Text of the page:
In Matthew 4:19 Jesus called his disciples to follow and promised them that He would “make them fishers of men.” The Greek word for make, poieō, has some interesting implications. This word can refer to authorship, production, construction, formation, fashion, commerce, and even performance. In the same way that John the Baptist “prepared”—poieō the way for the Lord, so was Jesus planning to prepare these seemingly earthy men for works of God.
Jesus’ choice of words here is that of an artist. He wasn’t just planning to speak with a word and see things happen at his command, rather his call to disciple making is much more organic. He is promising here to take the shreds of humanities garments and turn it into robes of righteousness like that of a fashion designer. He’s vowing to collect the scatter lumber of humanities’ disheveled forests and build them into homes like a construction worker, and an interior designer. He claims here in Matthew that he will take normal people who are like clay and form like a potter. Like money is to an entrepreneur, and like performance in the hands of a gifted actor, Jesus is going to turn us into a sculpture, a play, and a treasure for the ages.
As the source of the cosmos, Jesus claims here to make people, the greatest commodity in his kingdom, into fishermen. This is how Jesus views his mission on earth. It’s not a dry skill he undertakes, its an art. So why does this matter? It matters in how we see and do everything—it helps us interpret the very approach and nature of Christ’s ministry. He specializes in gathering dust, adding water and making it into clay, and forming it into beautiful pottery. He delights in taking what has been devalued and ascribed to have little or no purpose, what is antique, and he likes to refinish it, repurpose it and redeem it.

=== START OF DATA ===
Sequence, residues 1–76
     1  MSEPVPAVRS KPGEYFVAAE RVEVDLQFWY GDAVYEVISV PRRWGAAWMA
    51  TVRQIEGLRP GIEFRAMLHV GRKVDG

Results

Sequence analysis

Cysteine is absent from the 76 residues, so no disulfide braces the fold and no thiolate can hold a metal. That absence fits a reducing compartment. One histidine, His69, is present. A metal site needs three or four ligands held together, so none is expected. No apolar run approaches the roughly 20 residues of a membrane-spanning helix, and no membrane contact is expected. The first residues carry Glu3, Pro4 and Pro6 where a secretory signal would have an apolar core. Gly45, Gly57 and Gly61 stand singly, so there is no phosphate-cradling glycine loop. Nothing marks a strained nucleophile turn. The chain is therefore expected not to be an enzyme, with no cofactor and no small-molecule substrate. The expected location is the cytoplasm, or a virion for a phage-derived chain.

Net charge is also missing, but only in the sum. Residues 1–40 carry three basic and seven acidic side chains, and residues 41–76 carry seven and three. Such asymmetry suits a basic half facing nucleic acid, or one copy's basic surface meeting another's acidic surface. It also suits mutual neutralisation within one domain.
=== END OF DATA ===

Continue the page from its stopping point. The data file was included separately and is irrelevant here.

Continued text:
When we see anything “beautiful,” from a building to a movie, to poetry, to a thoughtfully crafted and shaped street corner, we are viewing God’s method for making disciples. He takes normal, everyday elements that are all too often overlooked and despised in and of themselves, and it combines them to make them beautiful TOGETHER.
In Ephesians 2:14 Paul picks this same word up when he’s talking about Jesus bringing the whole world together—both Jews and Gentile—to worship him when he says, “for he (Jesus) himself is our peace, who has made us both one and has broken down in his flesh the dividing wall of hostility.” This means, that today, when we see a gathering of Christ’s body—Jew, Gentile, Slave, Free, Weak, Strong, Rich, Poor, Every Creed, Every tongue etc.—we are taking a look at the result of God’s discipleship finesse. His ART!
His mission is to shape us into a Christ-Honoring people together through the gospel, and our worship is to respond as a people in joining in with him into this same mission. Will you?
Dave Yauk is first a foremost a follower of Jesus. He is Husband to Katie, and Father to 4 wonderful children (Naomi, Jesse, Levi, and Analise). Dave’s primary passion is to seek after Gods Glory in all things, and in his contribution you’ll find he holds a passion for Theology and all things Beautiful as seen in the Creator, Creativity, Character and Culture. Dave has been privileged to do ministry in over 17 countries. This has been his primary means of education and learning as a follower of Jesus. However, Dave has also had the honor of getting a B.A. from Colorado Christian University in Organizational Management and Christian Leadership, a Master’s in Divinity from Liberty University, and a Doctorate in Worship Studies from I.W.S. Dave owns the Garden City Project (an online collaborative marketplace for Christian artists and innovators), Finale School of Music, and teaches online guitar for Jamplay.com. He is also a Professor of Theology, Worship and Missiology at Visible Music College and Grand Canyon University.
More posts by Dave Yauk